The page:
- Desperate to create something good has moved some "desperate" people to do and say just about anything to get a "friend's" approval and recommendation that will help complete a Home Study [See: What's in a "Home Study"? ]
- Desperate to make a positive difference in the world has motivated many "desperate" people to adopt as a way to help the financially fallen, giving rise to child traffic rings around the globe. [See: Economic distress drives parents to desperate measures ]
But what boggles my mind is the way in which "desperate" mothers will treat the children they so desperately wanted, back when the pregnancy was a paper-one. [See: US Mother Returns Adopted Russian Boy like Pair of Shoes.] Granted, being returned like a pair of unwanted shoes is far less brutal that being chopped into pieces and stored in mummy's basement freezer. Nevertheless, the pain and shame of not being wanted -- not being good enough, is deeply felt. When I talk to abused/abandoned adoptees, it's often said "Abortion would have been a mercy killing". Imagine the pro-choice lobby using that argument, as rabid pro-lifers bomb abortion clinics.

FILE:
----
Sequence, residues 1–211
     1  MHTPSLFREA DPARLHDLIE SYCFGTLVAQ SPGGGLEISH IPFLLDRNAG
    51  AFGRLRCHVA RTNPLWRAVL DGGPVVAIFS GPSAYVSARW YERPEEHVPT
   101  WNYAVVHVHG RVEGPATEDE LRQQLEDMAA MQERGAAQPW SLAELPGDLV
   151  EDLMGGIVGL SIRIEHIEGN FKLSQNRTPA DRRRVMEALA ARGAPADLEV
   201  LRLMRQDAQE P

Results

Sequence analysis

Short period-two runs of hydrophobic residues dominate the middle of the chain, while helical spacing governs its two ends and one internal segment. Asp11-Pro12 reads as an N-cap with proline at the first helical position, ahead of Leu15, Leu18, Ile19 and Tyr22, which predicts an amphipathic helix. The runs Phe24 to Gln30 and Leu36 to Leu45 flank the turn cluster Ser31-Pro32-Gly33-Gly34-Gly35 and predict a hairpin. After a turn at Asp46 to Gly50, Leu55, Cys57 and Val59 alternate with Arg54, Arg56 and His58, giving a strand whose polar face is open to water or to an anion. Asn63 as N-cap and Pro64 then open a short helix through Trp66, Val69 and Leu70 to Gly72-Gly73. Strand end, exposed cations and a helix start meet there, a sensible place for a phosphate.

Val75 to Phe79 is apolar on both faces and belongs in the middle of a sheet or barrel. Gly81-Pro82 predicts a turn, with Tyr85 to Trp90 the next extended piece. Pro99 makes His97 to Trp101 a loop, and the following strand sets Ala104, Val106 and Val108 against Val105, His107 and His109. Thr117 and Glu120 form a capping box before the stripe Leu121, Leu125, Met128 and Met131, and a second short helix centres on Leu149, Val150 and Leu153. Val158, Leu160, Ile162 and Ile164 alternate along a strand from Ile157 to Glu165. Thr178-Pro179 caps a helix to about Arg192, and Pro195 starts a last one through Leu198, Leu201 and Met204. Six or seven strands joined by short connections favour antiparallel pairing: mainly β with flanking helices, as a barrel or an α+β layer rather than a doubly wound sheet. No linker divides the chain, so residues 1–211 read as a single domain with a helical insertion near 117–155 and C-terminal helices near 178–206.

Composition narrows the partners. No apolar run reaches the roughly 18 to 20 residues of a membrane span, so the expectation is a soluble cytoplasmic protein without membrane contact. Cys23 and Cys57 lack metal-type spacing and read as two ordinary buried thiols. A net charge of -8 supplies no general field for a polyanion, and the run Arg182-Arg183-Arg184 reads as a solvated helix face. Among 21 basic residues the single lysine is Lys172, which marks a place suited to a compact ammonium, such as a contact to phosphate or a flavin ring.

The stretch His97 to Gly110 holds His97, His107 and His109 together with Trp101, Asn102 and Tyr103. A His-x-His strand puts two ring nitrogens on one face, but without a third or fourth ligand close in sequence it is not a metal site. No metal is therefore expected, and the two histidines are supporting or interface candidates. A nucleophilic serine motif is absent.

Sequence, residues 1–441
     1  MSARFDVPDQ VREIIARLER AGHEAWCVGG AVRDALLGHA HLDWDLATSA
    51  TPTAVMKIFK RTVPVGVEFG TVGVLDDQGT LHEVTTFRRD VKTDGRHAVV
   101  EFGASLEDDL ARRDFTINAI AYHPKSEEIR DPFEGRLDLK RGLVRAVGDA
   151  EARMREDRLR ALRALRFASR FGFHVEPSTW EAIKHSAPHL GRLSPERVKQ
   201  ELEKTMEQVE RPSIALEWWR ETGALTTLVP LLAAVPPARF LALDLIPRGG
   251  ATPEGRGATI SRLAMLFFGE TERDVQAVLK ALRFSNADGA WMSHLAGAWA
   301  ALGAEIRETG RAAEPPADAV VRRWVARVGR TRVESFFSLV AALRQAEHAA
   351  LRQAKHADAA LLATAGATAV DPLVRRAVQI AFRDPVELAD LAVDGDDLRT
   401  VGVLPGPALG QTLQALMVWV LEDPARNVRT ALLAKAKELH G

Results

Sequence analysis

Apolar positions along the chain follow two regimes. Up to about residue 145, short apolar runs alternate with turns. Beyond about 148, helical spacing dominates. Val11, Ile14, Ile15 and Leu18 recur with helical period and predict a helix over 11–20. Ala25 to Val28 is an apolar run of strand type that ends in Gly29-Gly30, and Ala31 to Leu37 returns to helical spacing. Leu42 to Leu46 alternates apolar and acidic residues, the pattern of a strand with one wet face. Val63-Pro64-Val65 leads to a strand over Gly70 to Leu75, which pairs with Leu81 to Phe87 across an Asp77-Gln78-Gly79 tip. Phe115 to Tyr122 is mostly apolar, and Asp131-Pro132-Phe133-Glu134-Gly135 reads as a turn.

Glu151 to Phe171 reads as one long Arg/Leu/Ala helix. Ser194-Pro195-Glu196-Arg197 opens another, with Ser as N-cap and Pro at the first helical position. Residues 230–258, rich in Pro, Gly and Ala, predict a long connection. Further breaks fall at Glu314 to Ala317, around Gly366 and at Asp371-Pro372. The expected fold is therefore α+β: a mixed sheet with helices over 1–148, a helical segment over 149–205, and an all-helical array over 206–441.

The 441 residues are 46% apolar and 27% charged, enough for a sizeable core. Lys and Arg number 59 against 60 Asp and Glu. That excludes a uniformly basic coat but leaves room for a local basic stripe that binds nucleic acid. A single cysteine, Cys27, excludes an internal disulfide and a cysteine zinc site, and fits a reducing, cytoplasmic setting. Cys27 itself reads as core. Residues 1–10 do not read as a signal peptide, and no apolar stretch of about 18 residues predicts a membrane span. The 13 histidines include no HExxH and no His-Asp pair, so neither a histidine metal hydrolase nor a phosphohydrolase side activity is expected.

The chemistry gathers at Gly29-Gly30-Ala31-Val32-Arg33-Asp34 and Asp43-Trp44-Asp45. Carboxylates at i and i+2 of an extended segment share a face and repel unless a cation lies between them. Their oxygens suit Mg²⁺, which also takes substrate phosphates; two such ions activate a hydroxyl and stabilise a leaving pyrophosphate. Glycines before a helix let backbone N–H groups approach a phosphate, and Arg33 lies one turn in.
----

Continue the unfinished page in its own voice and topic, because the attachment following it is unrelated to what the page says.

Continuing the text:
I understand the complaints "desperate" adoptive parents are making: they claim they lacked support; they were not properly prepared/trained by their adoption agency to care for children with such desperate needs. To say they were ill-prepared to parent an adopted child properly is an understatement.
So let's look at some of the reasons why PAPs are so ill-prepared and without much outside support.